At the same time that China has faced its largest challenge in history in terms of sovereignty, dignity, and culture, its art has been influenced by the importation of Western styles and aesthetics. The two artistic traditions clashed, coexisted, and were integrated. To understand the artistic impact of the West and China's reaction to it, we will, in this intermediate-level course, investigate the journey from its beginning, the Opium Wars, to the present, an era of urbanization in a global context. Prerequisite: ARHS 111 or ARHS 114 or permission of instructor.
This capstone seminar is taught by Asian Studies Program faculty in rotation, and organized around a common theme that integrates the various disciplines and regions of Asia. Through readings, films, guest lectures, and other activities, the course will lead students to synthesize their academic and personal (e.g., off-campus) experiences in a broader comparative perspective. Students will produce work that examines one or more topics of their own interest within the comparative Asian framework. Required for Asian Studies concentrators and joint majors. Prerequisite: permission of instructor. Offered every spring.
Vietnam is a region, a country, a nation, a society, and a war, or a series of wars. This seminar explores the place and its people during the twentieth century, with special attention to the era from 1945 to 1975. The French and American wars will be situated in the context of the Vietnamese experience of colonialism and nationalism. Through fiction, field studies, memoirs, reportage, official documents, critical essays, and films we will consider the issues of memory, race, and ideology in the construction of history. Students will pursue independent research projects and share their research.
This course will explore the evolution of popular conceptions of disease and health in pre-modern Europe. While broadly chronological, the course pauses at particular historical moments to allow for a multifaceted examination of various themes — ranging from gender and sexuality to miracles and magic — within regional contexts. Particular attention will be paid to the perpetually shifting "grey areas" that existed between reason and faith, science and religion, and medicine and magic. A close examination of primary and secondary sources will allow us to delve into the mentality of pre-modern Europeans, as we seek to understand how and why views of the causes and cures of ailments varied by time and place. In order to foster an understanding of the reciprocal relationship between ideas and events, we will examine how conceptions of health and disease influenced, and were influenced by, cultural media, religious institutions, scientific discovery, politics, and war. This course may be of interest to students studying about health-related issues. Meets Pre-Modern requirement and Seminar Requirement. No prerequisite.
This course introduces concepts essential for understanding contemporary Japanese culture and society. Students will study key words in the relevant context through extensive reading and in-class discussion. They will also have ample opportunities to utilize the learned concepts through oral interviews and writing practice to be conducted on a weekly basis. The course will be taught in Japanese. Prerequisite: JAPN 321 or permission of instructor.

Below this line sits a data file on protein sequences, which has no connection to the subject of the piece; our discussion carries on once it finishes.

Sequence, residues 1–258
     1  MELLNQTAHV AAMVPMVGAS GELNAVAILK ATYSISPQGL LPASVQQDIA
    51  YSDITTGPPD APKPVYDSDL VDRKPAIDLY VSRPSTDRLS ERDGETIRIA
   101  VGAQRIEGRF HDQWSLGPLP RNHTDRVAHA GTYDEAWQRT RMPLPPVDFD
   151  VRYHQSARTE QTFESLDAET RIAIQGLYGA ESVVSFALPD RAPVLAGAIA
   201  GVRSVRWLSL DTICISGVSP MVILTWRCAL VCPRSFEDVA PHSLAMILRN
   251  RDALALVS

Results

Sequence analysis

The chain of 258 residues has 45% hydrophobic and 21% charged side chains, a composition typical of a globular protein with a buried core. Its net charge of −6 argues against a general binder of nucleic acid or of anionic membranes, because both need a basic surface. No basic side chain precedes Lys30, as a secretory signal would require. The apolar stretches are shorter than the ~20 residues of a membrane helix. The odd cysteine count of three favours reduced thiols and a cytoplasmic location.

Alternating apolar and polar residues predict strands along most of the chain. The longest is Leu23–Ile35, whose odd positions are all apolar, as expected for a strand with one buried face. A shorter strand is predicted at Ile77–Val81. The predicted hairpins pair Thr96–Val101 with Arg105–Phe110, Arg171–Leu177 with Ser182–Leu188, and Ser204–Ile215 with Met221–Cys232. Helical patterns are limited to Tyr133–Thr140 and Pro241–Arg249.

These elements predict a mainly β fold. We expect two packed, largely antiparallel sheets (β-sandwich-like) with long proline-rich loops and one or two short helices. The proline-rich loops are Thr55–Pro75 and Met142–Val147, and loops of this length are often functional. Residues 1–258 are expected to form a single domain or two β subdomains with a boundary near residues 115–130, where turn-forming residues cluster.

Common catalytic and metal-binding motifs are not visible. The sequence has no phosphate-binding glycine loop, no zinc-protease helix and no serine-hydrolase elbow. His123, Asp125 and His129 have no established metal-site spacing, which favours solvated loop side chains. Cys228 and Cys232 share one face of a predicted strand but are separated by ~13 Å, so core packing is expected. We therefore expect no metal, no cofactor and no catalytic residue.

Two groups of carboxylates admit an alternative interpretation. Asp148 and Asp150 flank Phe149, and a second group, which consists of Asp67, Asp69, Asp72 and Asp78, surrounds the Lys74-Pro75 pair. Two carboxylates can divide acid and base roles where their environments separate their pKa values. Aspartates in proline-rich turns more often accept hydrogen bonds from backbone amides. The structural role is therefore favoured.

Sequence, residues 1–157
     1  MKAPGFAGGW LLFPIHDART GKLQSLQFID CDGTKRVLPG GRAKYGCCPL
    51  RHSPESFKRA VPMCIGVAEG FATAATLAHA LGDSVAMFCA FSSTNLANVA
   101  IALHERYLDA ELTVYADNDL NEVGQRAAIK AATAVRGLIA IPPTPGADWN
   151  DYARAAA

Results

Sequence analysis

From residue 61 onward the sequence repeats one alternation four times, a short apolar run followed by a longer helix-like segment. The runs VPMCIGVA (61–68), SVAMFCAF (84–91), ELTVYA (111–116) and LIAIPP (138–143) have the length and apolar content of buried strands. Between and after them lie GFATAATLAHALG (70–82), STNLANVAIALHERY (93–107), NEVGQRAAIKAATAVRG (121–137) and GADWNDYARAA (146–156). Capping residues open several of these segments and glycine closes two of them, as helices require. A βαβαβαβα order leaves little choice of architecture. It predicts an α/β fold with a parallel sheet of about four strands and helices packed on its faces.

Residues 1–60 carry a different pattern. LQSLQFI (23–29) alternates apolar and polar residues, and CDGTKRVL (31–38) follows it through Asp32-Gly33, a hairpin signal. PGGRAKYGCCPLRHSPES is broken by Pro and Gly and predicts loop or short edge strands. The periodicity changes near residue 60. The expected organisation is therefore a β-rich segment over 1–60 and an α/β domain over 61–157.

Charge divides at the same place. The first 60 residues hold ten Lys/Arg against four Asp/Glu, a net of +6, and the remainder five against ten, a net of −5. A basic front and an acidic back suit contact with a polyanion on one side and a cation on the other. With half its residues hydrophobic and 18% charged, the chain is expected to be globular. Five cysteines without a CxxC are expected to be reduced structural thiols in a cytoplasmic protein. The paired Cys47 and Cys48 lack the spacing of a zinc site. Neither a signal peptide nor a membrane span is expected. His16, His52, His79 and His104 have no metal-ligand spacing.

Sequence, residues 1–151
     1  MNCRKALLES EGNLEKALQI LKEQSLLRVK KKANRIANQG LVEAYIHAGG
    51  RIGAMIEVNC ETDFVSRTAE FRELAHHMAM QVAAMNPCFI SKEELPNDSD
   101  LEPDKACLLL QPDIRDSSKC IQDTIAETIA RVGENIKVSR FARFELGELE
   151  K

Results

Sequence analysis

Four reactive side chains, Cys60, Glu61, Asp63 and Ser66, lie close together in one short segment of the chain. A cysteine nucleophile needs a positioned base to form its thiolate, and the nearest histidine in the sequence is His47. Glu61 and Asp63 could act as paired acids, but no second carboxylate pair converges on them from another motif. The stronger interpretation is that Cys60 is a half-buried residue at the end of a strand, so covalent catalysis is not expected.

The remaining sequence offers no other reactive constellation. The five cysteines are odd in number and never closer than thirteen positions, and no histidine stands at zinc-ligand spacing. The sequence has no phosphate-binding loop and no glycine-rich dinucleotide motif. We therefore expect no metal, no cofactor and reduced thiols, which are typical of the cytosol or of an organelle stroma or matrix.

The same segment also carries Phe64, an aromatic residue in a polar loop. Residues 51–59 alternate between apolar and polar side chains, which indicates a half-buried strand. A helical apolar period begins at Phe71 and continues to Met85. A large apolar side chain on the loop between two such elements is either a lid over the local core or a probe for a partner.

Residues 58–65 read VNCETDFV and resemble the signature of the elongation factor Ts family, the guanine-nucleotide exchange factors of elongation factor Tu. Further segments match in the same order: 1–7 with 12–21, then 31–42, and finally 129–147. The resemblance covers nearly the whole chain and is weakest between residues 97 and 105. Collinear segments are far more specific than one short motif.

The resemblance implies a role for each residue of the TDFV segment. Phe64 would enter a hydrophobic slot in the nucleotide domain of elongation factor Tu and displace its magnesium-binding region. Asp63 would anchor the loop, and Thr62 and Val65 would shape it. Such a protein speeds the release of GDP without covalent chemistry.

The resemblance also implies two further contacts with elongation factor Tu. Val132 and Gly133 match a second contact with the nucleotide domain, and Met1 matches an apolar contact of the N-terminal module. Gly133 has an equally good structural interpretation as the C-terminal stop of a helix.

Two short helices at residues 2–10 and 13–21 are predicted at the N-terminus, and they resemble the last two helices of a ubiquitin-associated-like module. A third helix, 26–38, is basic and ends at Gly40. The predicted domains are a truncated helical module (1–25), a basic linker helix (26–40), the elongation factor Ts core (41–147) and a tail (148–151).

Through the study of selected literary and cinematic works in their historical and cultural contexts, students will gain knowledge of key issues in contemporary Japanese society. Students explore works written by a Nobel Prize winner, Ôe Kenzaburô a 'burakumin' (outcaste) writer, Nakagami Kenji; a popular male writer, Murakami Haruki, a popular female writer, Yoshimoto Banana; and a Catholic novelist, Endô Shûsaku. The cinema includes but not limited to Permanent Nobara, a film adaptation of manga, produced by a controversial female writer Saibara Rieko. Gender and sexuality will be key analytical categories to examine all these works.
No knowledge of the Japanese language or of Japanese literature is required; all texts will be read in English translation. The class will be taught in English. No prerequisite.
This course provides ongoing study of the music of the Sundanese gamelan degung, a traditional ensemble incorporating different types of tuned bronze percussion, drums, flutes, and vocals. Students will be introduced to basic and advanced instrumental techniques for several individual gamelan instruments and receive coaching in musicianship and ensemble skills.A variety of repertories will be covered. Each semester will culminate in one public performance. No previous musical experience is required. This course can be used to satisfy requirements in anthropology as well as music. Prerequisite: permission of instructor.
This course will be a historical and contemporary survey of religious life in Japan, focusing on the Shinto, Buddhist, and Confucian traditions. We will pay special attention to the ways in which religious ideas, values, and practices are integrated into the common forms of Japanese culture today. Classes will be a mixture of lecture and discussion, supplemented by films. No prerequisite. Offered every third year.
This seminar will examine some of the important ideas, personalities, and institutions associated with Islamic mysticism. Students will read and discuss important primary and secondary sources on such topics as the development and organizations of Sufi tariqahs, Sufi mystical poetry, the nature of the Sufi path, and Sufi psychology. A crucial aspect of the course will be on examination of the role of the veneration of "holy persons" in Islamic piety. Prerequisite: RLST 240 or permission of instructor.